Committed to helping bees thrive

Current Bee Count: 7,647,819

Our farmers

Say hello to the people that care for our bees

John Hoskin – Fife

What got you into bee farming?
Involvement into bee farming for me was a natural evolution from the larger hobbyist to the professional way of managing honeybees, still maintaining that quality of product our customers demand but in larger quantities.

Why do you believe in growing Scotland’s bee population?
Beekeepers are faced with a totally different set of challenges today, than I was when I began keeping bees 42 years ago.  Bees have to be effectively managed to grow Scotland’s bee population, threats are coming from exotic pests & pathogens.  Scotland simply doesn’t have enough honeybees to  pollinate it’s vast diversity of crops & flora.

Why is your particular region good for supporting the bee population?
Many of our colonies are placed within range of large expanses of oilseed rape which allows for the building of new comb & an early crop, stands of lime trees & wild flowers add to the summer surplus, our main Heather apiary is only 40 miles to the north giving our bees the opportunity to gather a crop of delicious Ling honey.

What conditions make for happy bees?
“Healthy bees are happy bees”, good comb, young vigorous queens, sunny sultry days and of course plenty of nectar.

What is your favourite thing to put your honey on?
Nothing tastes better than pure local honey on a fresh fruit scone, the only exception is heather comb honey, which is best enjoyed in small spoonfuls.

Ewan Campbell – Aberdeenshire

What got you into bee farming?

I am a bee health researcher at the University of Aberdeen and since I work a lot with beekeepers on control of bee disease I figured I should get my hands dirty and try to understand the technical and practical challenges of beekeeping. I started with a few hives in the garden and that has grown and grown. Balancing a medium scale bee enterprise with lecturing and research is difficult but very rewarding.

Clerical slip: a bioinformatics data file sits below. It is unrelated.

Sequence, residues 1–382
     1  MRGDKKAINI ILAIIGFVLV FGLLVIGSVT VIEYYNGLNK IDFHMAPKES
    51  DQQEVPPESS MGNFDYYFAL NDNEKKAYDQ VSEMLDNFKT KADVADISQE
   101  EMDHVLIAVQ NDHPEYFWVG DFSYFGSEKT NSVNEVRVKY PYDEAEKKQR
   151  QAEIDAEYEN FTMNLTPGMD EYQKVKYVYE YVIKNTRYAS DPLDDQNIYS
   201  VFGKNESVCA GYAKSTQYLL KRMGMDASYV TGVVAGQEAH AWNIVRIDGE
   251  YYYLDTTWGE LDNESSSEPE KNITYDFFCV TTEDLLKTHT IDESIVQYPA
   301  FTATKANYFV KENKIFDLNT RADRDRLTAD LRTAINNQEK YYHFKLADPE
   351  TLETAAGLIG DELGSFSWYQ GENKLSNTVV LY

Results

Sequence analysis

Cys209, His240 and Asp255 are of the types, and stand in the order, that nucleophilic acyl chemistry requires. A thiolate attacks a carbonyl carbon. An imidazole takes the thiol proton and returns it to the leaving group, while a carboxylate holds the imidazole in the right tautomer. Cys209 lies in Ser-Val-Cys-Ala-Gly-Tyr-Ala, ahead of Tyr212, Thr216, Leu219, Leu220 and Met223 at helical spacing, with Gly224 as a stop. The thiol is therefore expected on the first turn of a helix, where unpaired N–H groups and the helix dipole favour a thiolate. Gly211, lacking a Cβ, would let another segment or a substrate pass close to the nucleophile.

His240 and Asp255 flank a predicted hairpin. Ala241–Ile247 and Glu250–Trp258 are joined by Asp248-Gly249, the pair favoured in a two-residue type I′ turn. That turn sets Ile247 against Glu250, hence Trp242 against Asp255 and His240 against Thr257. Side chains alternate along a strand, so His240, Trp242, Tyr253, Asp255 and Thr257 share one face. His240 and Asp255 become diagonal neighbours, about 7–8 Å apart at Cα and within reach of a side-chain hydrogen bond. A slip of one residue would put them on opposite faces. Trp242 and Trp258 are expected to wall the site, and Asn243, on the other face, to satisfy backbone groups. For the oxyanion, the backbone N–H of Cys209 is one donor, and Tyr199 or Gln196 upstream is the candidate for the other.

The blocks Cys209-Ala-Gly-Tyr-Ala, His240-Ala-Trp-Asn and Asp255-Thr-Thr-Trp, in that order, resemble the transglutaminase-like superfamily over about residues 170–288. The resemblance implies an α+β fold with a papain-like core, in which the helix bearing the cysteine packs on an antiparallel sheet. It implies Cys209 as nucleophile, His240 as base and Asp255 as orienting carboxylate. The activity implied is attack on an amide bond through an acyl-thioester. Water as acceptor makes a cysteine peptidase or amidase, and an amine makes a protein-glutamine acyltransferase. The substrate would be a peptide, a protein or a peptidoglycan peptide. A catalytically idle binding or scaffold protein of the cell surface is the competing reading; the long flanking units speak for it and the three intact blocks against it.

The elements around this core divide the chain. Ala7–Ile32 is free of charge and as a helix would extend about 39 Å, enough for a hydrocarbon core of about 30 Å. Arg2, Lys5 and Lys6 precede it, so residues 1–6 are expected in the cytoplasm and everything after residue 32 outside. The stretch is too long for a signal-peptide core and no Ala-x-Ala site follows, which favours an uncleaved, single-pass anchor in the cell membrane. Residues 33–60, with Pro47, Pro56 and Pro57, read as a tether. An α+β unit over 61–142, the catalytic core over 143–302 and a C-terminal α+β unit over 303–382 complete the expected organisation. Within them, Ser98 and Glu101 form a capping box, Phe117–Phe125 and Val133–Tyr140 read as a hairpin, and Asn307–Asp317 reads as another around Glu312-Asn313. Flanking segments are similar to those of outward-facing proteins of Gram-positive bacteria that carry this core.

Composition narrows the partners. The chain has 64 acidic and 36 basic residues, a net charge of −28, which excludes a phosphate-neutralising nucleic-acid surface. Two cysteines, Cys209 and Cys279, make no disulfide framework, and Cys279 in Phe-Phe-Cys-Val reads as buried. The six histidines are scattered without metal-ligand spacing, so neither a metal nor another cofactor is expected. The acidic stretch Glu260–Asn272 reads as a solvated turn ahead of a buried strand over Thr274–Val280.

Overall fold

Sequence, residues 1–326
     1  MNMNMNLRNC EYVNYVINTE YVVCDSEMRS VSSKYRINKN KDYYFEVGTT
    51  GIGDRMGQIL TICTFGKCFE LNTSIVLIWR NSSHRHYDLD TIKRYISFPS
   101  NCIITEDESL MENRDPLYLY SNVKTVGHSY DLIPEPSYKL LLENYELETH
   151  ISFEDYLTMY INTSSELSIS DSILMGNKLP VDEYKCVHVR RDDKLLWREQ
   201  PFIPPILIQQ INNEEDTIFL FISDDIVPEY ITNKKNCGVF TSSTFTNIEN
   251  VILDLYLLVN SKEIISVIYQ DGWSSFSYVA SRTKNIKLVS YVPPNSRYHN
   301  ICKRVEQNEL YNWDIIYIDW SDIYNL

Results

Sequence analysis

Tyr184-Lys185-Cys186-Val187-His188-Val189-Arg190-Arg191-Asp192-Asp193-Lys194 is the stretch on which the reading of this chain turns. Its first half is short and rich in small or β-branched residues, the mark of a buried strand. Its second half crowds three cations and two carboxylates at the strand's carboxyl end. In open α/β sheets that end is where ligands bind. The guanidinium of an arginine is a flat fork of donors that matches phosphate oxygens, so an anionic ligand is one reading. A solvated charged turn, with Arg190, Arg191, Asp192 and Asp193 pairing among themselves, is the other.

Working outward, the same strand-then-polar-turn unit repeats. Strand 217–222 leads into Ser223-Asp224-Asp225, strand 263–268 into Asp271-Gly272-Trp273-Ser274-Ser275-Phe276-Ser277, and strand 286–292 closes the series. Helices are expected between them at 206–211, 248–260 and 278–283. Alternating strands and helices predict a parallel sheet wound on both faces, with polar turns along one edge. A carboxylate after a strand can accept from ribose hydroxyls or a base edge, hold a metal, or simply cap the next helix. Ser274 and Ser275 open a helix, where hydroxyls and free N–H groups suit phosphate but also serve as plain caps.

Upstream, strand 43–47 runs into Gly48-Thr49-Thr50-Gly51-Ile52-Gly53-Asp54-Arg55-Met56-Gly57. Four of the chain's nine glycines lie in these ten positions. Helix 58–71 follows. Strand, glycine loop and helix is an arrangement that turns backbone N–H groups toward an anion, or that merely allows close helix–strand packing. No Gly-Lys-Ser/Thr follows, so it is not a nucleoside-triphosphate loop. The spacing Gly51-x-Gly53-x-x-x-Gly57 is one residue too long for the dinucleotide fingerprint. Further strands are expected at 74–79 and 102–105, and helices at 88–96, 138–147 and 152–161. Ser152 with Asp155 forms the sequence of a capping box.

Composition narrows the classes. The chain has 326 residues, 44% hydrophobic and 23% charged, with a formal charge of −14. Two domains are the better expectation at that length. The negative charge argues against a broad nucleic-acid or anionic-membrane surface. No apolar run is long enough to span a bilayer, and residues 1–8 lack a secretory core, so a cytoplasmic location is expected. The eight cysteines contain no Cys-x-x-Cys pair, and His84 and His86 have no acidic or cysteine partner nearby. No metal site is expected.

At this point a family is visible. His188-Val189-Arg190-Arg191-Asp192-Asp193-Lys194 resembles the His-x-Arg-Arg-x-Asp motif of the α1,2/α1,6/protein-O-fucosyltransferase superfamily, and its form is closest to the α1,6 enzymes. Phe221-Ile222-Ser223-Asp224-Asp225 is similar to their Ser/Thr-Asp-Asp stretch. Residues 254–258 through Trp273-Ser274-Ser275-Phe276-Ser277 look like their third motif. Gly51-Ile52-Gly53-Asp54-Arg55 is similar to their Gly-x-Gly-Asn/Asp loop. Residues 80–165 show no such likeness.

Why do you believe in growing Scotland’s bee population?

The managed honey bee population in the UK is not under any great decline but rather our demand for managed pollination services is increasing. This is a lot to do with changes in agricultural practices and pollinator dependent crops but also due to a very real decline in wild pollinators such as solitary bees, bumblebees and flies. So we require managed honey bees to fulfil that lost pollinator role. Of course it would be great to see those insects bounce back, but in the meantime we can’t really move flies around the country to pollinate fruit and veg so it’s important that we increase our managed honey bees in a sustainable manner. It should be possible. Bee farming is crying out for new entrants into the industry and Scotland has an abundance of forage for bees coupled with a healthy demand for local specialist honeys, such as ling and bell heather.

Why is your particular region good for supporting the bee population?

Aberdeenshire is historically known for its beekeeping. The weather can prove tricky for bees up here with late or early winters common but most years the bees can rely on an abundance of food from wild trees such as sycamore, willow, chesnut and hazel alongside cultivated crops like oil seed rape, raspberry and currants. Of course there are extensive and ancient heather moors in the Grampians for the bees in late summer.

What conditions make for happy bees?

Good beekeeping ! It’s vital to have healthy bees free from disease and nowadays this is totally dependent on the beekeeper. The varroa mite arrived in the UK in the early 90s and since then most of our wild colonies of honey bees have disappeared from the forests as these unmanaged colonies have no natural defence against these invasive pests. Much of what is vital for human health is vital for bee health – a balanced diet and a warm place to live free from pests.

What is your favourite thing to put your honey on?

Drizzled on ice cream in summer, added to a hot toddy in winter. Spread on a nice warm buttery all year round!


John Lockwood – Dumfries & Galloway

What got you into bee farming?
A natural progression from having a few hives in the garden to start off with and one day realising that 30 hive in one place does not work, so either become a bee farmer or sell up.

Why do you believe in growing Scotland’s bee population?
We are so short of bees in the U.K. about four million hives short by some estimates.  We import 90% of the honey used here.

Why is your particular region good for supporting the bee population?
Here in Dumfries & Galloway we are one of a very few places where we can get Oil Seed Rape, spring, summer and a heather crop in the good years.

What conditions make for happy bees?
Plenty of forage and good quality hives and looked after correctly.

What is your favourite thing to put your honey on?
Yoghurt.